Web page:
Experiencing My Heart’s Healing Through My Body

I’ve been having the most fascinating relationship with my body these last three months. (I assume, though I’ve never specifically surveyed my friends, that everyone has a mixed relationship with their body–mine does some things with great grace and a lovely capacity for enjoyment, and the ability to deeply drink in my environment, and it does some things really poorly, with difficulty and discomfort, like running half a block and experiencing Panda Asthma.)

I’ve started doing craniosacral massage (a little scientific backing) and having a very intense and healing response to the experiences. I’m so grateful to my healer for her ability to stay attuned, present, and give me support through a wide variety of physical and emotional reactions to our work. In some ways I feel I’ve been in rehearsal for this moment my entire life.

In their spiritual journeys, both my parents were ordained Zen Buddhist monks, and part of their training was in massage. As a family, we used massage to relax and take care of each other. I know this idea might be uncomfortable to body-shaming Americans, but it was one of the nicer aspects of my childhood–having my parents rub my shoulders and stomach when I was anxious. The adult mutation of this early conditioning is that I love bodywork–whenever I am in a new country, I sample the local version of a massage. I also use bodywork to improve the quality of my life and manage stress: massage, reflexology, body scrubs, acupuncture, restorative and yin yoga. I’m a friend to all body-based approaches. I’m also really attuned to the different types of touch, professional touch doesn’t feel erotic to me. (Intimate touch with my lover is what’s erotic to me.)

As I’ve been using mindfulness with my clients and myself, I’ve grown more and more comfortable using deep conscious breathing to help regulate my nervous system. I’ve also been experimenting with talking about feeling states and their places in the body with my clients and checking in with myself about this too throughout the day.

I didn’t have much of an understanding of what craniosacral therapy would feel like when I decided to give it a try. I understood the touch would be much lighter than regular massage therapies. I didn’t expect it to do much, but thought it was worth paying for one session and checking it out.

My first session was overwhelming. I found myself sobbing hysterically and hyperventilating about 45 minutes in. This was in response to having the back of my head very lightly touched. My healer took care of me very gently while I calmed down, which felt incredibly generous. Even though the experience was difficult–I hadn’t had such an extreme emotional and physical experience in years, as soon as I calmed down, I realized that I knew something beneficial had happened to me, despite the challenges of the experience. My impression is that my first sentence, as soon as I regained the power of speech, was: When can I do this again?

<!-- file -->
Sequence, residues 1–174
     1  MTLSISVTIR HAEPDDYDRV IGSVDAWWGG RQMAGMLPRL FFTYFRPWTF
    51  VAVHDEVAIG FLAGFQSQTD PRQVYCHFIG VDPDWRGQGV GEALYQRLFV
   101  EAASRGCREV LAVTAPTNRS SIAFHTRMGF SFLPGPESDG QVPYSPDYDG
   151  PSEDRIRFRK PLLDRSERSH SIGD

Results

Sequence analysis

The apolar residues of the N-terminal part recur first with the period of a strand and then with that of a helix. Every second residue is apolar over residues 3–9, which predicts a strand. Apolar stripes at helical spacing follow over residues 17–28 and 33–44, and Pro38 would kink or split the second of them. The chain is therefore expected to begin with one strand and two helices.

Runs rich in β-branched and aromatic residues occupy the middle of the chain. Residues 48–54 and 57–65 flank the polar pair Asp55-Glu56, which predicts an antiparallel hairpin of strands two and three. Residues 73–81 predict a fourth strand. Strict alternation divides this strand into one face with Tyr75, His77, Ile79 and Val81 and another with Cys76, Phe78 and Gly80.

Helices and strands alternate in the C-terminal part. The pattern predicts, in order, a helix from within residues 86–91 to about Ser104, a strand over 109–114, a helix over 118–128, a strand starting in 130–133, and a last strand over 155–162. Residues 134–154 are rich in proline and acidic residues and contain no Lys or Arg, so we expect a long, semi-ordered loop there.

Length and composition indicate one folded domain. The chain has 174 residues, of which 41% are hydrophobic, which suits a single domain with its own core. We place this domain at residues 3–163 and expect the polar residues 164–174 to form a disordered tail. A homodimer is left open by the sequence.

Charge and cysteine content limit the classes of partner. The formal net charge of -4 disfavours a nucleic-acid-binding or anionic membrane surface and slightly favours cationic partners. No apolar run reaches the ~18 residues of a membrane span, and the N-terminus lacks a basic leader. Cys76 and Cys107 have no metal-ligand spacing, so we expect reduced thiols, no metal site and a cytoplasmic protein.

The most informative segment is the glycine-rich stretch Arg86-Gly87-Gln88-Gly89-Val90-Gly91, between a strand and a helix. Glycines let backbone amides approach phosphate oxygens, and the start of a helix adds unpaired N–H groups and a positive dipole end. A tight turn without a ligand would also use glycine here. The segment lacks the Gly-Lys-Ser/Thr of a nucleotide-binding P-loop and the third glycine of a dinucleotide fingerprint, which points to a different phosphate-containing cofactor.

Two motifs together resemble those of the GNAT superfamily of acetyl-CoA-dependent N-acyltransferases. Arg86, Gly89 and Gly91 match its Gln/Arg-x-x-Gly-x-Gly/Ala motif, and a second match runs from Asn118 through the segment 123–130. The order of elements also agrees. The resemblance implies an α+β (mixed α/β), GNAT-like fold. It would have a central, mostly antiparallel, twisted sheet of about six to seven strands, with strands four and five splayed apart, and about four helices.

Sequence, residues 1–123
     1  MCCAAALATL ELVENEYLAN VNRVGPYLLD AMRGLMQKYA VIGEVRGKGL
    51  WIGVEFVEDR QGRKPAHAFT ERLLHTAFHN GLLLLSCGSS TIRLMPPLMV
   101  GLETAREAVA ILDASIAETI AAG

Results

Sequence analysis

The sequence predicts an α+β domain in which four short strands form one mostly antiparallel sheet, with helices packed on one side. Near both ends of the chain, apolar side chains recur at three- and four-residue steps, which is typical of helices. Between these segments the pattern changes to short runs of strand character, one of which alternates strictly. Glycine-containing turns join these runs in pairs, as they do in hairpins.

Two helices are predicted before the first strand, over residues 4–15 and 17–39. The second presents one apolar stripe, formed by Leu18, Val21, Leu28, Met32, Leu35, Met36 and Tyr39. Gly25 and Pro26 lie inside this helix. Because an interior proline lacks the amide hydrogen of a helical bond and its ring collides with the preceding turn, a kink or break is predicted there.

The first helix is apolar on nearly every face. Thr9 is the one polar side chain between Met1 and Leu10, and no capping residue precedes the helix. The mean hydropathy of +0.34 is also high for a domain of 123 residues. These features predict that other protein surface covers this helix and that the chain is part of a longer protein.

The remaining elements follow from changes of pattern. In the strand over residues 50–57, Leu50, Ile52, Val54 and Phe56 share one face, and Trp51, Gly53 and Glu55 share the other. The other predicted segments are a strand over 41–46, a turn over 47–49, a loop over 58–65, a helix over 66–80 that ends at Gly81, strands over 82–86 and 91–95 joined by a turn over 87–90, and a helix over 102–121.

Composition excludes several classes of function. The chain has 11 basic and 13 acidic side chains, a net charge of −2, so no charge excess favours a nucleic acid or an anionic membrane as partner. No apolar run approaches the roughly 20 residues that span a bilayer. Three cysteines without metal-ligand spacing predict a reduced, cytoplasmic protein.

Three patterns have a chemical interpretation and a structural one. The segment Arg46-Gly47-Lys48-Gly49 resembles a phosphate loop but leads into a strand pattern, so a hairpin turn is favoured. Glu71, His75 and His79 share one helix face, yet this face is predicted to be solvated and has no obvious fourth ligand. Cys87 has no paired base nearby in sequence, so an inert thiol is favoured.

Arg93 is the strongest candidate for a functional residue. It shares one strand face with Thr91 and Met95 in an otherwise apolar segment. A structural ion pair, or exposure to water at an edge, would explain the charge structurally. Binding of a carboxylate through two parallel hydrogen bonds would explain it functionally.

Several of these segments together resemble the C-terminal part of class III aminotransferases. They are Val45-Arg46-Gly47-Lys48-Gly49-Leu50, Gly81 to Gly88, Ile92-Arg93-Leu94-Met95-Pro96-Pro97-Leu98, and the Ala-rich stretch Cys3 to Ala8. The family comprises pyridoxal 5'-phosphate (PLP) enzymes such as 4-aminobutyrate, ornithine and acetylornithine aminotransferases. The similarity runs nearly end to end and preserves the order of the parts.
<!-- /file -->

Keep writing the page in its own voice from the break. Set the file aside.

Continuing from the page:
Every session has been extremely different. I’m learning more and more how I respond both emotionally and physically and what I can tolerate–what will challenge me within my acceptable zone of tolerance.

I’ve done four sessions so far. I’ve decided to titrate the pacing–I visit with Julia once every three weeks or so, just because I learn so much about myself each time, and it leads me to a lot of contemplation and integration of my life’s experiences. I feel more self-compassionate and self-aware overall.

Humble brag–apparently I’m really good at tolerating my own distress, remaining present through discomfort and relaxation, using my breath, and continually monitoring my ever shifting internal states.

Emotion is in the body. I knew it before, but it’s undeniable now. Memory is in the body too. Remaining attuned to my body sensations, both positive and negative, has helped me re-process some 30 year old memories I hadn’t given a thought to in decades. Of course, all this is also shaping my interests as a psychotherapist.

(As a therapist, I’m often aware of the limitations of language-based, brain-in therapy in offering healing. Human bodies and human brains need all kinds of healing experiences. I believe there are many paths to healing–some are found in speech and reflection, some are emotional, some are spiritual, and many are in our bodies.)

That Funny Moment

A couple of weeks ago, on my way to work to co-facilitate a group, while I was walking to the El and talking on the phone, a little fruit fly circumvented the shield provided by my glasses and flew straight into my eye. I was feeling a bit emotional before the fly thing happened. As I had left my home, I had noticed within myself my intention: I wanted to do a particularly good job of facilitating my group that night.

When the fly got suctioned into my eye by the swirling currents therein, I was on the phone, and holding bags, so I had to announce my predicament to the person on the phone who wanted me to note their phone number, and put the phone on speakerphone while I flipped the camera so I could see my face as I moved my eyeball around, hoping the fly would make its way back to the front of my eyeball where I could pluck it out. A few tears and long seconds later, the fly showed up under my eyelid, and eventually floated down to a snatchable location, like the worst biological contact lens breakaway piece.

I had never had a fly in my eye before, though I had written a short story based on that premise (foreshadowing?) years ago.